Maternal nutrient supplementation for suspected impaired fetal growth

Too little evidence to show whether extra carnitine, solcoseryl, glucose or galactose for pregnant women benefits babies in the womb who are smaller than expected.

Babies growing more slowly than expected in the womb (impaired fetal growth) may be receiving too few nutrients from their mothers. Some nutrients thought to improve an unborn baby's growth include carnitine (amino acid which releases energy from fat), solcoseryl (protein-free calf blood extract), glucose and galactose (fruit, meat and milk sugars). The review of four trials, involving 165 women, found that there is too little evidence to show whether the baby's growth improves when a pregnant woman supplements her intake of these nutrients by mouth or injection. More research is needed into the effects of pregnant women supplementing their diets with these nutrients.

Authors' conclusions:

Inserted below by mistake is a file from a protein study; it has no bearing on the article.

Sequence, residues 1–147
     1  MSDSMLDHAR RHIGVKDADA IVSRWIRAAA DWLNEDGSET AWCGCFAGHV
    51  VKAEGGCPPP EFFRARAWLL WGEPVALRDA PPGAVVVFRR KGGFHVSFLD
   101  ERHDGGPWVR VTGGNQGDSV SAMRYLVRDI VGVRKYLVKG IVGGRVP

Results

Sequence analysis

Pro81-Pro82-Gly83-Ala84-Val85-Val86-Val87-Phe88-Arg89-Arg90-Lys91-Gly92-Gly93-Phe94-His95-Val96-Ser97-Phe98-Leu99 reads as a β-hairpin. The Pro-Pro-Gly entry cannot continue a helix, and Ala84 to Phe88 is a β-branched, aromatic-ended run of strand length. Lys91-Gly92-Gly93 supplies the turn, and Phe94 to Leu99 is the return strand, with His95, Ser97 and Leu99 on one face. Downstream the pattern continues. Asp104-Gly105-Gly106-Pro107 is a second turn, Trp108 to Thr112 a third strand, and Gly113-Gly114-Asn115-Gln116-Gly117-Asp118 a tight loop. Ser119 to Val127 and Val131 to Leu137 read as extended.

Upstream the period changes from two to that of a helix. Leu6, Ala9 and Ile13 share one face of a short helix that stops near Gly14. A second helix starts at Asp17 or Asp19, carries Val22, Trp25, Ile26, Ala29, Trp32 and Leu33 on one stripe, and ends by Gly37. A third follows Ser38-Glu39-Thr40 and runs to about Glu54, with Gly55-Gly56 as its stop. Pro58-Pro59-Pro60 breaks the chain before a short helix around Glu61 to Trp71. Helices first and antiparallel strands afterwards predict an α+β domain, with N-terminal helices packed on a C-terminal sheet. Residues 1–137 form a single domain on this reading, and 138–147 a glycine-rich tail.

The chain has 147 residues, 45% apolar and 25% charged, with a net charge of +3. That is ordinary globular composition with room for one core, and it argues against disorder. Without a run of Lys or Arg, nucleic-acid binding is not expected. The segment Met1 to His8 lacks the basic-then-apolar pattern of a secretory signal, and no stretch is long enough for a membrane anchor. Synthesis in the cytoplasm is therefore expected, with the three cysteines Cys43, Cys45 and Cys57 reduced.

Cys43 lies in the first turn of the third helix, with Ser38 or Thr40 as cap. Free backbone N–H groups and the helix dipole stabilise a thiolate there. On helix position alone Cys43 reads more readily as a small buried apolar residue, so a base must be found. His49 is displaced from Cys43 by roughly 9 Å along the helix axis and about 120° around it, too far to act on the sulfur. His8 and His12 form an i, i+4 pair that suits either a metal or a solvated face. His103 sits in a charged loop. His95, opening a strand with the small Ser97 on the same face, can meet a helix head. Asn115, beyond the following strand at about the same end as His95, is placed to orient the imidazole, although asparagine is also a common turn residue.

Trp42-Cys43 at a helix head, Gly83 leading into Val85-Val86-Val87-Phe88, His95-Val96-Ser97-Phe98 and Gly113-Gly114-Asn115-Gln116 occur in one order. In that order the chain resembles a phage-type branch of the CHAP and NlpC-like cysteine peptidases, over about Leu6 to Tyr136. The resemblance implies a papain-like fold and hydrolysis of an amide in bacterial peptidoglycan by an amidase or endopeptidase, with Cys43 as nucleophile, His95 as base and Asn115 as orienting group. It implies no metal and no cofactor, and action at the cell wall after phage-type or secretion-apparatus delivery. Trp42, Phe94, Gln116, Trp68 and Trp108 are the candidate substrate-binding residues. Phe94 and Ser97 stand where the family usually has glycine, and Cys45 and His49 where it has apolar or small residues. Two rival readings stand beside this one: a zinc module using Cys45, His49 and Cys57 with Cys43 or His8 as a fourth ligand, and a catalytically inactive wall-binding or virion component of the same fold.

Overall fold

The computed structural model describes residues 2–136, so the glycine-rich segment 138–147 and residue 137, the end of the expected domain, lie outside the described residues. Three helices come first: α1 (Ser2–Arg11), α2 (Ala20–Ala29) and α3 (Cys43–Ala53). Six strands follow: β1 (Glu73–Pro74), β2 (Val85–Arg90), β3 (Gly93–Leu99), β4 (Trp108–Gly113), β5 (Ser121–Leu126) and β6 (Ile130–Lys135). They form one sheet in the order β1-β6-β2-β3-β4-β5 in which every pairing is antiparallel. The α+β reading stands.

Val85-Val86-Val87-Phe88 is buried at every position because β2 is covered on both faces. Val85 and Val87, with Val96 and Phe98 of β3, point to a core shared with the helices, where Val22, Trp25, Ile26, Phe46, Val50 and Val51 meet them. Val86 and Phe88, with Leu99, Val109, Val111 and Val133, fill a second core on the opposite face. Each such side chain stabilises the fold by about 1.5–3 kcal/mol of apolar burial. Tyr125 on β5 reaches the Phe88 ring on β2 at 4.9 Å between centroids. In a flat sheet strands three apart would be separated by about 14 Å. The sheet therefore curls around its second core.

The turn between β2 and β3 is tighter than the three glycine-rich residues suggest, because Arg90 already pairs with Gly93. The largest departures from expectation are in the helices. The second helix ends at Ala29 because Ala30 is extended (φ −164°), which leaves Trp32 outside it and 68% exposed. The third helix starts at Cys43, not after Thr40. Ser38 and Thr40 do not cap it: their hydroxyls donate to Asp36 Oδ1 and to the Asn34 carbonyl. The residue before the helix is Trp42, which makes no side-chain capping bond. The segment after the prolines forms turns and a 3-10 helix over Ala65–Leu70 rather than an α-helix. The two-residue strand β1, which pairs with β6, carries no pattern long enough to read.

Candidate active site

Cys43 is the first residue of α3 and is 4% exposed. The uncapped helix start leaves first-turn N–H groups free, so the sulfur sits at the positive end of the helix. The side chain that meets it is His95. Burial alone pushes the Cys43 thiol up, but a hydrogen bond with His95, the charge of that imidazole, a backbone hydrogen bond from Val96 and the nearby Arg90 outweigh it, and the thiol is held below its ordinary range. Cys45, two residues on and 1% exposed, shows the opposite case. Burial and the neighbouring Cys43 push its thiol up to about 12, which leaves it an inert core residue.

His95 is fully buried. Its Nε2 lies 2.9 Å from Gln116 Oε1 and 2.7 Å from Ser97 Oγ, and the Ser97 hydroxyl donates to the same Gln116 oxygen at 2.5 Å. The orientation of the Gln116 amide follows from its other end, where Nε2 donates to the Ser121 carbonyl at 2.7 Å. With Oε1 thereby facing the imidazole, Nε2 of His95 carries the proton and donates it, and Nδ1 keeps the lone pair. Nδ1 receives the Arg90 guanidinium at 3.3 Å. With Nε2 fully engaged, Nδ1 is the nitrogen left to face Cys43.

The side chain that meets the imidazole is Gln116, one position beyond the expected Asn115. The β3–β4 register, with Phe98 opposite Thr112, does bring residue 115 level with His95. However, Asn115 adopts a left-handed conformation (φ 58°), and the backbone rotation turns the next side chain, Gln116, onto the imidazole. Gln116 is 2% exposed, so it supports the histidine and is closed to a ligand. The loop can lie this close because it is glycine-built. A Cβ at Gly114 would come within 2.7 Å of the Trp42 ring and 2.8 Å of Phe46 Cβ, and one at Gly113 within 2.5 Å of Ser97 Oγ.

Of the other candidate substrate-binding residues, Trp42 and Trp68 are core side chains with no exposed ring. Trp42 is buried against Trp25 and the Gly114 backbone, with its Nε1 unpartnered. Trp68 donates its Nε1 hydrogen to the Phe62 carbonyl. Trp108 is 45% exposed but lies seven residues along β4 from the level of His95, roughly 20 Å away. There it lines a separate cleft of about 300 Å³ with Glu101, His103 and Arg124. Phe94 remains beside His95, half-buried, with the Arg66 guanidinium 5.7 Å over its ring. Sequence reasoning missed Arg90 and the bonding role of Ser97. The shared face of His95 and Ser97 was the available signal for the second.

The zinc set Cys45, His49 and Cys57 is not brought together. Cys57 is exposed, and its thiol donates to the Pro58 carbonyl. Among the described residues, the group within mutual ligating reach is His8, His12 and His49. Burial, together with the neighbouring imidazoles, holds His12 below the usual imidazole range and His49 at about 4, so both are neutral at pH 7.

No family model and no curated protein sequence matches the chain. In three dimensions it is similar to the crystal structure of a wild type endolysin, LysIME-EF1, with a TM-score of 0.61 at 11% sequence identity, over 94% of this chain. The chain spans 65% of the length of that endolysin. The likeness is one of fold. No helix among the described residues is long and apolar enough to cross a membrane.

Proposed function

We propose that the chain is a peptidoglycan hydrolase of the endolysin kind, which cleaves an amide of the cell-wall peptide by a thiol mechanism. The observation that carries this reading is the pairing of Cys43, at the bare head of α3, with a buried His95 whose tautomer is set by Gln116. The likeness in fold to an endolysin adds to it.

There is not enough evidence to evaluate the use of nutrient therapy for suspected impaired fetal growth. The studies were too small to assess clinical outcomes adequately.

Read the full abstract...

One way of attempting to improve fetal growth has been nutrient supplementation for the mother when fetal growth is impaired. Different nutrients such as carbohydrates and amino acids have been suggested as treatments for impaired fetal growth.


The objective of this review was to assess the effects of nutrient administration for suspected fetal growth impairment on fetal growth and perinatal outcome.

Search strategy: 

We searched the Cochrane Pregnancy and Childbirth Group's Trials Register (March 2010).

Selection criteria: 

Acceptably controlled trials of nutrient administration for suspected impaired fetal growth compared to placebo or no treatment.

Data collection and analysis: 

We assessed trial quality.

Main results: 

Four studies, involving 165 women, were included. The trials were small or had methodological limitations, or both. Carnite was associated with shorter pregnancy duration after enrolment (mean difference -2.12, 95% confidence interval -3.58 to -0.66 weeks). Intraamniotic administration of nutrients was related to higher birthweight (2575 g, standard deviation (SD) 780) as compared to intravenous administration (2080 g SD 457). No other differences were found.